To some extent the issue might be decided by settling the issue of how large early medieval armies were. But this is also difficult to resolve. I must confess to being instinctively a small-armies man myself (Sawyer 1971); but I can see the force of the arguments advanced by those — Karl Ferdinand Werner, for example — who want to offer us Carolingian and Ottonian armies measured in thousands rather than dozens (Werner 1968). Clearly the view one takes of the issue will to some extent both affect and be affected by one’s views on the composition of early medieval armies. It is also highly dependent on the way one reads early medieval narrative sources. By and large, the proponents of small armies turn to the small but significant number of texts which suggest that an army might be numbered in two or at most three figures. Let me offer one or two examples:

—        for Anglo-Saxon England, the definition of a here in Ine’s law-code as any group over 35, or the figure of 84 given by the Anglo-Saxon Chronicle as the number who died with Cyneheard in his attack on Cynewulf;

—        for Carolingian Francia, the casualty list given by the Annals of Fulda for the disastrous Saxon battle against the Northmen in 880, numbering about 30 in all; arguably also Flodoard’s account of the numbers (1,500) who died at the battle of Fiorenzuola (923), coupled with Liudprand’s remark a generation later that Italy was still short of knights as a result (Leyser 1968: 32);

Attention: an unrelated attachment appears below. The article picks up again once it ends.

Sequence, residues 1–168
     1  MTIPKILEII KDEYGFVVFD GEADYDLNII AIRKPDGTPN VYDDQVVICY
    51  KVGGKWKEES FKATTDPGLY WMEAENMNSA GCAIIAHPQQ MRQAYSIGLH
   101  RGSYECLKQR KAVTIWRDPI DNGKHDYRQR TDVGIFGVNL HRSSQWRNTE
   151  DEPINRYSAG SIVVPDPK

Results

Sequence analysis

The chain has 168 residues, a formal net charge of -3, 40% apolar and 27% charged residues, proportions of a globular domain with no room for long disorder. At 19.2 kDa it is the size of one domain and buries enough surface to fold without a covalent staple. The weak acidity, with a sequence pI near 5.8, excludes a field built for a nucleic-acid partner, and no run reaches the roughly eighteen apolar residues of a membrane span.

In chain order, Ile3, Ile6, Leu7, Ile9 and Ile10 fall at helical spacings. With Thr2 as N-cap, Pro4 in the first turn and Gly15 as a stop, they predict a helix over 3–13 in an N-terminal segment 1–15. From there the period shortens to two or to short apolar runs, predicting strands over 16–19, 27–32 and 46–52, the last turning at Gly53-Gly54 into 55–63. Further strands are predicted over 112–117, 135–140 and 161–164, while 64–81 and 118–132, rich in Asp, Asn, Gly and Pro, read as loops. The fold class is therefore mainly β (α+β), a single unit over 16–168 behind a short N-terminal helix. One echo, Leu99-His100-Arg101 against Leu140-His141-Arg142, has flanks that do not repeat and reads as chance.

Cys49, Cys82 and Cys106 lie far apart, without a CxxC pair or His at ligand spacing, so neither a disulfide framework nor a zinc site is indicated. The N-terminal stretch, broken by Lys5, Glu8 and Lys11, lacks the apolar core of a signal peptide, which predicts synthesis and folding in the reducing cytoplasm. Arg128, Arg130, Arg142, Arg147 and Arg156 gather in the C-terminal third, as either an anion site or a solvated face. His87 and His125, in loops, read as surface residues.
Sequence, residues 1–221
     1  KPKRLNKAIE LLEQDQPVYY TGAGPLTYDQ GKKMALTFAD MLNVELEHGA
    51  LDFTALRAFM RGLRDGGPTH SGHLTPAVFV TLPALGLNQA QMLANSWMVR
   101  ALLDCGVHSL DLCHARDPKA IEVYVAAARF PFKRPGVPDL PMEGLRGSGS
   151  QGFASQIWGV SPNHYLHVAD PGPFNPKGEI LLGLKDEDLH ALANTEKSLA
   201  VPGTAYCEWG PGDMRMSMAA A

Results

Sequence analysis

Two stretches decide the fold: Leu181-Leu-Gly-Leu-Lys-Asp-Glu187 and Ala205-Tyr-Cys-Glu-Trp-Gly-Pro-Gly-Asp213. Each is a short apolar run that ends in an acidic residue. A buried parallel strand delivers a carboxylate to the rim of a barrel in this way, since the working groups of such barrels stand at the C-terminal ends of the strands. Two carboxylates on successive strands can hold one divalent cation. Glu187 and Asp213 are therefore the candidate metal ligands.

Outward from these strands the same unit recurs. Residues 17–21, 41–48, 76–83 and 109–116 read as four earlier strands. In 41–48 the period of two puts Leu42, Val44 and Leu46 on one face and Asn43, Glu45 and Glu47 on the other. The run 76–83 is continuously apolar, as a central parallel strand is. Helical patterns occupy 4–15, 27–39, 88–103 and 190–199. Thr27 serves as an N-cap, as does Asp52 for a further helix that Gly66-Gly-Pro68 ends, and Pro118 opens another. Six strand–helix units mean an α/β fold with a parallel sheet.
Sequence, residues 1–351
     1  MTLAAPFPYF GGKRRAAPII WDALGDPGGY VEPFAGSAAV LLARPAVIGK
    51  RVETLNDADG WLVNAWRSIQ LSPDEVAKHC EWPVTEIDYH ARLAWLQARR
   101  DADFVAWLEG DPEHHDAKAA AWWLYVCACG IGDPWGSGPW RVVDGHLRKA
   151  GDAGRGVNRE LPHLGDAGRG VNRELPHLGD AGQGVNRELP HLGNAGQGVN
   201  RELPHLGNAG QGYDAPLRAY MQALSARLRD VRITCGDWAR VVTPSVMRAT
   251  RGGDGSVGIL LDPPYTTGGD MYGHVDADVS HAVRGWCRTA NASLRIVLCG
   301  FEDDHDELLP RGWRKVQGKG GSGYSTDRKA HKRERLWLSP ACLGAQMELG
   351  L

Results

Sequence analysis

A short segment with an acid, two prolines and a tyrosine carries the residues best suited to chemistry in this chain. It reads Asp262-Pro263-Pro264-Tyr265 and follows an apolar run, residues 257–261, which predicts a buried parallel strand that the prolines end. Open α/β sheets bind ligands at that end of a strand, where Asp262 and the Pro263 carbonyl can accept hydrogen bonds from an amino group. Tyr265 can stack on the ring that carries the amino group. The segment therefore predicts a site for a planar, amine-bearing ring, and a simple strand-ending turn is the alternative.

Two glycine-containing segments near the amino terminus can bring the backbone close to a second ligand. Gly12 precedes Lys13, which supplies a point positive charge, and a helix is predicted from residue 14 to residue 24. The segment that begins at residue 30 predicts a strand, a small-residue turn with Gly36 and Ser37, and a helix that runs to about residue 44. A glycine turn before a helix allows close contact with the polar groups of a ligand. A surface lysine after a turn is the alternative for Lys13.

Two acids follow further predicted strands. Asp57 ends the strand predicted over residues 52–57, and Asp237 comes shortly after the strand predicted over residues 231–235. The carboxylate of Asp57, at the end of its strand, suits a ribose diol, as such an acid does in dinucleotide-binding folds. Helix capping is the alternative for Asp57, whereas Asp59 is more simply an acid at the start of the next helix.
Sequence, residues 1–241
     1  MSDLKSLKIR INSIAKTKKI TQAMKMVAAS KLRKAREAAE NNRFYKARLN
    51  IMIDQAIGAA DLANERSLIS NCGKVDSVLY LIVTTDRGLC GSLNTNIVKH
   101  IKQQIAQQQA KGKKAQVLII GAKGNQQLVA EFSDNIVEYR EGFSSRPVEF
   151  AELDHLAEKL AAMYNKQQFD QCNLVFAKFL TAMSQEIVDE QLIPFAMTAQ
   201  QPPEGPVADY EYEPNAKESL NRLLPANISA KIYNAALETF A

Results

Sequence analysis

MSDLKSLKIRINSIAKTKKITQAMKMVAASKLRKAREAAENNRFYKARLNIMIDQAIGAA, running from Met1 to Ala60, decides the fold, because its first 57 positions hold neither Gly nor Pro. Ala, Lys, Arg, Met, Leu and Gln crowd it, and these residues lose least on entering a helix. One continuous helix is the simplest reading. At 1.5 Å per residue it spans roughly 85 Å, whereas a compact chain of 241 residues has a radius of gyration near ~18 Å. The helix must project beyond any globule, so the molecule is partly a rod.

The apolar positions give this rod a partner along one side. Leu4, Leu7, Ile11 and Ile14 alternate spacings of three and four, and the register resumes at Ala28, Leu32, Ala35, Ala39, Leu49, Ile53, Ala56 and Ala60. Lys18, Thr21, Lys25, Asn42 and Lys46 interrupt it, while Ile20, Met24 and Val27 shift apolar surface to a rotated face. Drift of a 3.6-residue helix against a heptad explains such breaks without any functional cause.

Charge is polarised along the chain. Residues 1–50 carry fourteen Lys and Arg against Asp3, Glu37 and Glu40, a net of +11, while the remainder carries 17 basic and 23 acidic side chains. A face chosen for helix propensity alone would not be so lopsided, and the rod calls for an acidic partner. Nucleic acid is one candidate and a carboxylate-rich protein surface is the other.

—        for Ottonian Germany, Widukind’s account of the young warrior Ekkard, who felt passed over by an appointment made by Otto I, so was clearly a fairly significant figure, and sought to establish his reputation by an attack on the Slav enemy, in the course of which he perished with his eighteen followers, as well as Thietmar of Merseburg’s account of the German army campaigning in Bohemia in 990 — ‘small, but all in iron’ (Widukind II 4; Thietmar IV 12).

Yet the difficulty here is evident. These texts can be assigned significance compared with the much larger number of texts which report huge numbers only if we assume that whenever medieval texts mention large numbers they are fantasizing, whereas whenever they mention small precise numbers they are telling the truth. Why should we? I am aware that scholars have racked their brains over the question of the accuracy of medieval numbers: but even if you can establish some general principles, they always turn out to be useless, or at least not decisive, when considering a specific instance. In any case, even if they are telling the truth here, how can we be certain that they aren’t merely giving the numbers of those who mattered?